As you can see from the definition of proficiency and associated visual above, the Gorham Schools has tried to create a "minimal" interpretation of proficiency by stating we want to be sure that all students demonstrate proficiency on a specific performance indicator a minimum of 2 times before being able to move on.  However, we do not define a maximum.  We don't define a maximum because we want to make sure that students are given the opportunity, with additional instruction and support from teachers to demonstrate proficiency.

We have also created a bit of a "step in" approach in terms of defining a minimum score for proficiency at the Performance Indicator level.  We do this because we do not want to disadvantage students while we move to create this new system of instruction and work out the "kinks" as we go.  We are purposefully starting our definition of proficiency "low" at between a score of 2-3 for the first year and then ramping it up for year 2 by requiring a score between 2.5 - 3 and then settling in where we want to be in the third year by requiring a score of between 2.75 and 3 for students to be considered proficient on any given performance indicator.    It is important to understand that all students will be given instruction that will allow them to achieve a score of 4 on any given performance indicator so going "above" proficient is always possible and in fact will be encouraged for all students in our new system.

In addition to our "step in" approach for defining a minimum score for proficiency at the Performance Indicator level we have also created a "step in" approach for defining a minimum number of Performance Indicators students must be proficient in before being proficient at the Graduation Standard level.

If you remember from post #3, each Graduation Standard is made up of between 3-13 Performance Indicators.  Students must demonstrate proficiency at the Graduation Standard level in order to eventually graduate from Gorham High School.  At the Graduation Standard level, we are starting our definition of proficiency out to say that students must meet a majority of performance indicators for the first two years of implementation and then in the third year, we will expect students to demonstrate proficiency for ALL performance indicators found within a given graduation standard.  This is being done for two major reasons:

1.  We understand that in our first attempt to build this system, we have likely created too many performance indicators and need some time to either "weed" out those that are not necessary or to designate some performance indicators as "high priority" while others are "lower priority" in order to make sure we are creating a system that is viable for our students to complete in the 13 years we have them.

2.  Once again, we do not wish to disadvantage students while we implement this new system and are working out the "kinks" as any new system will inevitably have.

So what does all this look like for my child is likely the question at hand.  Let's see if I can share an example of one fictional student's experiences to help solidify this definition for everyone.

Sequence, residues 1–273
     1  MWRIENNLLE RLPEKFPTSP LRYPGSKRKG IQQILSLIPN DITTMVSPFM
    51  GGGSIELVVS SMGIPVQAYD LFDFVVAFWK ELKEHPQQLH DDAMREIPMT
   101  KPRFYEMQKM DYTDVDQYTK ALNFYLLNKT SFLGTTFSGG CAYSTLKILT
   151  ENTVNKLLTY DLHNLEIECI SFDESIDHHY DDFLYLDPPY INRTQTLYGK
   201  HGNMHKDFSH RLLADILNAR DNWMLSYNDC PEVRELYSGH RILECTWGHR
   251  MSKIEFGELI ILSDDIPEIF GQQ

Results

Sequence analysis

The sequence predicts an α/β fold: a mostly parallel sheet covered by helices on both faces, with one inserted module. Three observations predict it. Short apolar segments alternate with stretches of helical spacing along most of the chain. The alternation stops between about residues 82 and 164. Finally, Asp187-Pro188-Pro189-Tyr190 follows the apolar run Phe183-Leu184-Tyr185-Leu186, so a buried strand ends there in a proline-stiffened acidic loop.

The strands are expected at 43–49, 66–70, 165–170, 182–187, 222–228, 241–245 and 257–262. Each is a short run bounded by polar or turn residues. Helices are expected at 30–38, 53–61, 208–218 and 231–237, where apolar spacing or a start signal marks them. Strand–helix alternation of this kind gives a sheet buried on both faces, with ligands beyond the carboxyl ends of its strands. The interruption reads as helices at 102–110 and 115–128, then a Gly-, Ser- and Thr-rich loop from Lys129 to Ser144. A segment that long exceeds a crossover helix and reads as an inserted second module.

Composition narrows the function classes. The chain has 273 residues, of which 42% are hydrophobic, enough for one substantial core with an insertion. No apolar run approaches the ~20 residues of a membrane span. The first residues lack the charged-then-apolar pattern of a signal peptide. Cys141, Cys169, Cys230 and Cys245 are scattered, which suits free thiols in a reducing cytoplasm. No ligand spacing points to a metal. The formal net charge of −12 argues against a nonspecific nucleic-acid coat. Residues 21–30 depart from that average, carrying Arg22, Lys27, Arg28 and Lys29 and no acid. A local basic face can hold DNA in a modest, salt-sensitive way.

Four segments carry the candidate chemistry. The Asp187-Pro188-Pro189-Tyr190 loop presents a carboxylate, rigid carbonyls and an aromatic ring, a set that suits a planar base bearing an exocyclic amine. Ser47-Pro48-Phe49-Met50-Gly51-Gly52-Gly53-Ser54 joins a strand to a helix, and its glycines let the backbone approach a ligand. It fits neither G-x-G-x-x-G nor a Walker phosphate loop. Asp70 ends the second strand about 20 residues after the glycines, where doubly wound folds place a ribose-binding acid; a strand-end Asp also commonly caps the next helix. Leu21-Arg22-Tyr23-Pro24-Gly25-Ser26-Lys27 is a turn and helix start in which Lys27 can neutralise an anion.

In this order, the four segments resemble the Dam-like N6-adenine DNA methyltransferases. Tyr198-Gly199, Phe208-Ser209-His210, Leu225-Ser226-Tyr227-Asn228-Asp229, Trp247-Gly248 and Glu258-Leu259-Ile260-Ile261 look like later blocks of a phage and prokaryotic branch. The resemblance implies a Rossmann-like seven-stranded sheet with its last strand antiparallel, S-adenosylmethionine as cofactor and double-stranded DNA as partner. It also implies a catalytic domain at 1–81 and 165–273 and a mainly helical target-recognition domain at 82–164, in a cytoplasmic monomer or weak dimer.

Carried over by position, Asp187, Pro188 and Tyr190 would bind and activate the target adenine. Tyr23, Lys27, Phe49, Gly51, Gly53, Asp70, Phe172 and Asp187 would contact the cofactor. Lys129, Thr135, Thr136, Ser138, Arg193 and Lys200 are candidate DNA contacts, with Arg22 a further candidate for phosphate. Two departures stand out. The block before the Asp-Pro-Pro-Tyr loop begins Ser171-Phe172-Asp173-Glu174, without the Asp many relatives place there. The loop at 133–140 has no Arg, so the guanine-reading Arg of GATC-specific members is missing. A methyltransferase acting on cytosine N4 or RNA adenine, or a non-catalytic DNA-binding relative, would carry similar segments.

Let's say that I am a 4th grade student at Village Elementary School.  I am working on my Math graduation standards, working specifically on demonstrating proficiency within the following graduation standard:

-  "Reason Algebraically using expressions, equations, and functions".

I have three performance indicators I need to demonstrate proficiency on within that graduation standard - those are:

1.  Use the four operations (+,-,*,/)with whole numbers to solve problems.

2.  Gain familiarity with factors and multiples, and
3.  Generate and analyze patterns.

Now, let's say that over the course of a few months of work in Math I am able to take several summative assessments and I get the following scores:

PI#1:  2.0, 2.5 and 3.5 (decaying average = 2.8)

PI #2:  3.0, 2.5, 2.5, 3.5, and 3.5  (decaying average = 3.1)
PI #3:  3.5, 3.0, and 3.5 (decaying average = 3.3)

Based upon the definition of proficiency above, I would meet proficiency at the Performance Indicator level  because I would have had at least 2 summative assessments for each Performance Indicator and scored between a 2.75 - 3.0 (I'm using the third year step in definition here so you can see our ultimate goal demonstrated).  I also would have met proficiency at the Graduation standard level because I would have met proficiency in each of the performance indicators associated with the graduation standard for that grade level.

Now this is a pretty basic example, but I hope it gives you an indication of how the definition above works for students.  Please know that the instruction required to get students to a point where summative assessments would be given would be plentiful and if students did not meet proficiency, the teacher would simply work to provide additional instruction and supports and then provide additional assessments as needed.

Well, I think that is enough information for now to help you to better understand how we will be defining Proficiency in our new PBL system beginning in the 2017-18 School Year.  Please stay tuned for my next post where, now that you understand how proficiency is defined, I will then describe how we plan on grading and reporting in our new system.

As always, if you have questions, please feel free to reach out to me anytime.  My email is the best way to get ahold of me: